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Animated Edition - Autumn 2006
Critical faculties
Donald Hutera goes down under
I'd never been Down Under before, so when the invitation came to fly from London to Sydney last June to see Swan Lake On Ice I said yes. The trip was a better-than-nothing five and half days, during the middle of which I ditched the frozen birds and nipped down to Canberra to catch a performance by Bangarra Dance Theatre.

Founded in 1989, Bangarra is Australia's premier indigenous dance company. Composed almost exclusively of aboriginals and Torres Strait Islanders, it has since 1991 been run by choreographer Stephen Page. Due to the topsi-turviness of our respective schedules, I actually met up with him in London (where he was busy promoting Bangarra's upcoming UK tour) the very day I was headed off to his homeland.

Born to aboriginal parents in Brisbane in 1965, Page claims to be the fairest of twelve siblings and the most politically motivated. 'My mother and father always say I'm the blackest one of them all. I got kicked out of one high school because I complained that there was no aboriginal history in our curriculum. I was very rebellious.'

Tucked inside Page's CV is a pretty eclectic aesthetic. He trained at a traditional dance college in Sydney, also learning a myriad of modern forms, including Graham. He was for three years a member of Sydney Dance Company, until the pull of his roots became too strong to ignore. Apart from Bangarra duties, Page directed the indigenous segments of the opening and closing ceremonies of the 2000 Sydney Olympic Games and the 2004 Adelaide Festival of the Arts. Recently he and the company collaborated on a hit double bill with the Australian Ballet.

Bangarra's production Bush will have toured the UK this autumn as part of an extensive showcase of Australian arts called Undergrowth. It was inspired by traditional Dreamtime songs, dances and creation stories that were, Page explains, 'stylised in a crossover, contemporary fusion kind of way' typical of the company. A string of ten or so vivid scenes are linked by the earth-mother presence of Kathy Balngayngu Marika, a member of a powerful cultural family from northeast Arnhem Land in the northern territory. Page and his brothers - David, a composer, and Russell, a dancer who died in 2002 - have known Marika and her clan since they were in their teens. 'They were always interested in how we were surviving in the modern city, and we were wondering how they were still evolving their cultural ceremonies in the bush. Our performance is really about the many years we've been working with them, and a celebration of what they've been able to give to Bangarra.'

Page is articulate about his country's unresolved historical, racial and socio-political issues. 'Australia is a collective grid of cultures. It romanticises aboriginal identity, but it's never respected it. A lot of land, language and stories were taken away from aboriginal people, and the government's never really taken the blame.' He's developed a balanced perspective about it. 'It's just the observation of two different cultures. It's about people coming into someone's land and going, 'I don't understand this' and getting frustrated, and therefore it's deemed to be bad. It's what we're suffering today in the 21st century.'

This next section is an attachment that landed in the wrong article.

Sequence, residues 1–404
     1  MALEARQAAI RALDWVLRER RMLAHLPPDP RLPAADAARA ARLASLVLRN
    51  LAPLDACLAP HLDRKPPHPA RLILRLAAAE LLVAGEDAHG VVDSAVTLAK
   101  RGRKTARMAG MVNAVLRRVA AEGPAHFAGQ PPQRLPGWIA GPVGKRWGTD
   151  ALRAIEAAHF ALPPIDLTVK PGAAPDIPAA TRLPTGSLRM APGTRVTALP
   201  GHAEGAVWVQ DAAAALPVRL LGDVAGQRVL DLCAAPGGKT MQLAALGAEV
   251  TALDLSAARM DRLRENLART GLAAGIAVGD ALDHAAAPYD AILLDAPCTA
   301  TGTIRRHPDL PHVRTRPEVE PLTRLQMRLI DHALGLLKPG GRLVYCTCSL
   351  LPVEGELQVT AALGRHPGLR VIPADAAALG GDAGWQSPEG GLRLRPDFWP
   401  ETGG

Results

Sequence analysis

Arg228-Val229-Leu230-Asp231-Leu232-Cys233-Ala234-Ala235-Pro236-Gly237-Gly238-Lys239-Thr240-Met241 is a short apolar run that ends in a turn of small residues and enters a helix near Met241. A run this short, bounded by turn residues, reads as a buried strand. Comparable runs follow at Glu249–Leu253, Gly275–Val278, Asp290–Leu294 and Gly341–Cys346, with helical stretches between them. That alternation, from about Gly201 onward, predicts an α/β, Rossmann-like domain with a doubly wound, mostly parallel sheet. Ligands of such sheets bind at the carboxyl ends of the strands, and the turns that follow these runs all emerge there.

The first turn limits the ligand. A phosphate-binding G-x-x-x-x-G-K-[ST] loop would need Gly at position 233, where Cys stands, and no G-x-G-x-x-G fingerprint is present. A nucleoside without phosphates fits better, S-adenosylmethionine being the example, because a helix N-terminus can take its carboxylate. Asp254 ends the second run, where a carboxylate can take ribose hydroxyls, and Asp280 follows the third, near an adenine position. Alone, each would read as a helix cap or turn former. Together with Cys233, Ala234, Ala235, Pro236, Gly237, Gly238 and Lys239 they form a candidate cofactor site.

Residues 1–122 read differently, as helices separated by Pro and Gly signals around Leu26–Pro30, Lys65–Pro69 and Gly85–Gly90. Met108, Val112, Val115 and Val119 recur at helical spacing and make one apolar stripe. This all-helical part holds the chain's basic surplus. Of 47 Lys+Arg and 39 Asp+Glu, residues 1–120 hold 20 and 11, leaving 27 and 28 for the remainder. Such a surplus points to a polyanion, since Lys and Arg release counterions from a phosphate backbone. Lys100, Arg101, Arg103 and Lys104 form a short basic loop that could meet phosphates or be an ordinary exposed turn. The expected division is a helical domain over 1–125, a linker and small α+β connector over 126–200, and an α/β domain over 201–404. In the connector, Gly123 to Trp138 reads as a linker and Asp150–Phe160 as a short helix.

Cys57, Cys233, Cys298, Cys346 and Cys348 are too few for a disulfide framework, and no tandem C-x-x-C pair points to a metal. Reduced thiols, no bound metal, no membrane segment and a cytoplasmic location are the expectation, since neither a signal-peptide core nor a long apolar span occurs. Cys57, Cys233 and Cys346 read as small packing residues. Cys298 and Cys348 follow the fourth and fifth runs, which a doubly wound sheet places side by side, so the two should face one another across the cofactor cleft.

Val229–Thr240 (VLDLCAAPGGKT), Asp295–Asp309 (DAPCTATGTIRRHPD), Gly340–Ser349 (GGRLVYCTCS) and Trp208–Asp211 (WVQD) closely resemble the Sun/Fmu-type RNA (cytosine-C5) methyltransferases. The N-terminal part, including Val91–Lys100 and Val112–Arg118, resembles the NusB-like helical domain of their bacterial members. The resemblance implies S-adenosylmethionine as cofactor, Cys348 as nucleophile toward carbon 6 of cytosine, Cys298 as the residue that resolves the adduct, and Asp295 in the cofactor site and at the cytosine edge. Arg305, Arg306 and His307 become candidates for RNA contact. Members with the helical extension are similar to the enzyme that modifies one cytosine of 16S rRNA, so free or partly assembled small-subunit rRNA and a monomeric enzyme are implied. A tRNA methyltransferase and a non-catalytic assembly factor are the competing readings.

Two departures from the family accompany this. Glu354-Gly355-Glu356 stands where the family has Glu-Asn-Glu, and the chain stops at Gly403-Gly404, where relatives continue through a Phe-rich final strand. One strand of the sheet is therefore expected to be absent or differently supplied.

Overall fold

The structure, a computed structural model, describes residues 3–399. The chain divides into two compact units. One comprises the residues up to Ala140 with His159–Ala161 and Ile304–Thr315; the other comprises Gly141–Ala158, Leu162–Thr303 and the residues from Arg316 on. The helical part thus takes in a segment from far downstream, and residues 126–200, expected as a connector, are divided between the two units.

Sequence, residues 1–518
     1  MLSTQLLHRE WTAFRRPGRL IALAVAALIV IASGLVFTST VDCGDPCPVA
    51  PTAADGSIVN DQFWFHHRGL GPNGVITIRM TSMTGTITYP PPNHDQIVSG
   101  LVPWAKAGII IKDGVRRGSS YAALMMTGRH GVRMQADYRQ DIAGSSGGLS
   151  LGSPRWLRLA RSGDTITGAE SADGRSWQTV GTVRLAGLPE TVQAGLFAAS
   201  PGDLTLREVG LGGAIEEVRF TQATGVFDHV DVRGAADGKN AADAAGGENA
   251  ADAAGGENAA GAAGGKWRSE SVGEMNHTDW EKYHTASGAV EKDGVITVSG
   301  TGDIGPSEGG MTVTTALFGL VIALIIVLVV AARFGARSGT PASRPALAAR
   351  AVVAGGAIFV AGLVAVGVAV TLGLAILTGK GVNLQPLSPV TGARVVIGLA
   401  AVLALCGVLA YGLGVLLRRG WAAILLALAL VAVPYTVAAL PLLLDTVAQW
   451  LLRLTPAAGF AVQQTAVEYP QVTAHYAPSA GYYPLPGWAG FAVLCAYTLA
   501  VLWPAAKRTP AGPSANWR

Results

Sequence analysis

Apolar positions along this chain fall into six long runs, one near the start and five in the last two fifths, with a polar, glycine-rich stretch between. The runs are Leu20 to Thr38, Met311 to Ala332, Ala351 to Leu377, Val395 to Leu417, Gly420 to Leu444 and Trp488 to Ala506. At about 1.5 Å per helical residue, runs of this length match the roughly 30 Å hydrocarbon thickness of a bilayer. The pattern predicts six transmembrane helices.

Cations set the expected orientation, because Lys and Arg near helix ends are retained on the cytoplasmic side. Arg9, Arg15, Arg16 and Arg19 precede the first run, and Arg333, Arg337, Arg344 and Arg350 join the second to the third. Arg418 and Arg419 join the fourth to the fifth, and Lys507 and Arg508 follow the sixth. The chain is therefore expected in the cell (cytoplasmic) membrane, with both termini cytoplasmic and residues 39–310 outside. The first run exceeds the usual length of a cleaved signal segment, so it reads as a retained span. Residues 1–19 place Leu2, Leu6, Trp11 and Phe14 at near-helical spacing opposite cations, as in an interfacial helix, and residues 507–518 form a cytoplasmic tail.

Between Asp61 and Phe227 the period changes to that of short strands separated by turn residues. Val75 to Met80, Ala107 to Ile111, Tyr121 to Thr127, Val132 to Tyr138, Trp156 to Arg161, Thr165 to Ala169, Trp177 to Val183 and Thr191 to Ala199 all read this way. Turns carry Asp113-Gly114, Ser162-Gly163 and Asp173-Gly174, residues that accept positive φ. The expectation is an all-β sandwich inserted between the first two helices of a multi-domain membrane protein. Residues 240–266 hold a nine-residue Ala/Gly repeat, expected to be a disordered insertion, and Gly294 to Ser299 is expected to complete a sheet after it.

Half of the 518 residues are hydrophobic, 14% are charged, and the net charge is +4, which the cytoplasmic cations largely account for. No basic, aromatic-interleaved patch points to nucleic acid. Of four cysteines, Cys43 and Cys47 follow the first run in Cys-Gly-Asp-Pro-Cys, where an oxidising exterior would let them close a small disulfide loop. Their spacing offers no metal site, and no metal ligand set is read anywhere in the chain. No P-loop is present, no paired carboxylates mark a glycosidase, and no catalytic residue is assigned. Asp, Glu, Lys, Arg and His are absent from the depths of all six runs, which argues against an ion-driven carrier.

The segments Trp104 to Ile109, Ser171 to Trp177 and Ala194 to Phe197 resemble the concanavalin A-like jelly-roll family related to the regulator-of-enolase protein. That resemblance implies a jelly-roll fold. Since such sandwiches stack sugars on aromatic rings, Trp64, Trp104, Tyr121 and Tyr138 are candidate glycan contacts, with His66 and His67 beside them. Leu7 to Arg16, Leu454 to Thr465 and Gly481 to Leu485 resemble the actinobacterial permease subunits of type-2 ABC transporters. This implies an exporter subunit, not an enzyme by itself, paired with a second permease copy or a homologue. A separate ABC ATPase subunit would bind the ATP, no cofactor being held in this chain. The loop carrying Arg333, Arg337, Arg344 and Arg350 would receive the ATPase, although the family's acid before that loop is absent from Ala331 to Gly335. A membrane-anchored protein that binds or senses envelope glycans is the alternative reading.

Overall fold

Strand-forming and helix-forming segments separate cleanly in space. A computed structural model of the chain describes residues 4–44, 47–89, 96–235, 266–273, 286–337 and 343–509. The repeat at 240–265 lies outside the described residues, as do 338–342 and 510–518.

A similar divisiveness, says Page, manifests itself in relation to Bangarra. He pegs it as the dilemma of black politics. 'You get people throwing spears in your back, going, 'Why is Bangarra getting everything? Why's it running with the aboriginal flag?" And yet they'll see a Bangarra show and be crying, saying, "This is great healing."' How to explain the contradiction? 'It's part of our complex culture, something you accept and can't necessarily understand. I try, but I had to let go. Now every time I go back to an aboriginal community I make sure that I'm a three year-old child again. I just shut up, listen and learn. It's the best way.'

Page's notion of 'giving back to the community' is very roll-up-your-sleeves and hands-on. 'We became Australia's leading indigenous company, and all of a sudden we were performing for a lot of white people in the mainstream. My brothers and I would go, "Who's this for?"' As an antidote Bangarra tours regionally and rurally, often working with health departments. 'We're like this band-aid, like nurses and doctors. We'd camp out for two weeks in the central desert where there might be a petrol-sniffing problem in the community. We'd give them workshops and put a performance on in the riverbed. I'd take all the costumes in a suitcase, and lay yoga mats down in the red dirt so the dancers could do their modern movement. They'd all go, 'You're totally mad.' I'd go, "No. You can do this in New York, and here as well."

'I'm not one of those obsessive modern dance choreographers,' Page sums up. 'I don't have enough discipline, and I worry too much about the cultural and political sides of things. But I can tell a story. And sometimes I get so fascinated by the traditional songs that I go, "This doesn't need much movement at all. It's all there in the power of the music. Let's just turn the lights off and let people use their imaginations."'

Donald Hutera writes regularly for The Times, Time Out, Dance Europe, Dance Now and many other publications. He edited the autumn 2003 and Summer 2005 edition of Animated, and writes Critical Faculties as a regular column.


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Animated: Autumn 2006